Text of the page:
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Psychologists Say Quick Showers Mean You’re Happy With Your Life

Psychologists Say Quick Showers Mean You’re Happy With Your Life

Feeling dirty? Whose up for a quickie?

I’m talking a shower here people. Seriously. How do you feel about taking a shower? Do you view showering as a routine part of your daily hygiene, like brushing your teeth? Are you in and out in less than 5 minutes? Is a shower simply a means to an end rather than some deeply cathartic process in which you take great pleasure and can spend countless hours doing?

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If so, you are one happy individual–literally.

Research shows that the longer and more frequently you shower, the lonelier, and less happy you probably are. Psychologist and Yale researcher, John Bargh, PhD., conducted a study of physical warmth and social connection. He concluded:

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“The lonelier a person is, the more showers and baths they take, the hotter the water, and the longer they stay under the water.”

The study found that people use the physical warmth of a shower or bath to compensate for and replace the social warmth they crave. In addition to finding emotional comfort through the physical warmth of the water, those who like to take extended showers or baths also use that time to daydream. They tend to mull over problems or just let their mind run free. However, this sort of mismatch of thought is another avenue leading to unhappiness.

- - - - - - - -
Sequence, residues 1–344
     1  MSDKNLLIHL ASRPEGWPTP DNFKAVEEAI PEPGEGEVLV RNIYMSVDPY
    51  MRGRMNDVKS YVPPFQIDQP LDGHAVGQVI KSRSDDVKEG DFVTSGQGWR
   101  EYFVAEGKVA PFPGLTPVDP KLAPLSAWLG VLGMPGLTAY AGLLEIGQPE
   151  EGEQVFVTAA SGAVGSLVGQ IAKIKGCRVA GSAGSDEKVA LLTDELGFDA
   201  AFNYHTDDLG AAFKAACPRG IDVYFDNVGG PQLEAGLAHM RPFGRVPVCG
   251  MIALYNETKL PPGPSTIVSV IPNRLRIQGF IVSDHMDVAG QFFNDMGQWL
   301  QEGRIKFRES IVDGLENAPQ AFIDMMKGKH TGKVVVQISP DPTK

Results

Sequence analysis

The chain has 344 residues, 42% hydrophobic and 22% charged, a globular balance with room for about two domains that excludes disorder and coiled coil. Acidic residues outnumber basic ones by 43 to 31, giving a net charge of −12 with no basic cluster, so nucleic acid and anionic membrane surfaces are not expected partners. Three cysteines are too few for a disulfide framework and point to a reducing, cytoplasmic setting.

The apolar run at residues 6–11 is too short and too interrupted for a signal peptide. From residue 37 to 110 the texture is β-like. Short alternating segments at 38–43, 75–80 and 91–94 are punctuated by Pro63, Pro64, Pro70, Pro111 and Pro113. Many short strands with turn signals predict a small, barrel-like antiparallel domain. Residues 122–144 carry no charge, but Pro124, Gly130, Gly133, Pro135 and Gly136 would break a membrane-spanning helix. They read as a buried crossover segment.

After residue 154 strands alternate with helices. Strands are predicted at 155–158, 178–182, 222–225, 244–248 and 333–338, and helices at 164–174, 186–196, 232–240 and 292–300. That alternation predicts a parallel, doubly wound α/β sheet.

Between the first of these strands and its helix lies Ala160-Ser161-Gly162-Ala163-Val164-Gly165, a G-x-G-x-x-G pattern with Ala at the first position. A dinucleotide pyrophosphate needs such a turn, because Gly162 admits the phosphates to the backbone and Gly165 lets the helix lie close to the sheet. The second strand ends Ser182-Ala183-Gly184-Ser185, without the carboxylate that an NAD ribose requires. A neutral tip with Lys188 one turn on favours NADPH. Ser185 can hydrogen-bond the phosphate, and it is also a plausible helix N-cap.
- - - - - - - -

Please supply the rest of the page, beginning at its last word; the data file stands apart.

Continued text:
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Harvard psychologists, Matthew Killingsworth and Daniel Gilbert, conducted a study to determine if mental focus affects happiness. They discovered that a large fraction of our thoughts – almost half – are not related to what we’re doing. An article published in Scientific America puts it this way: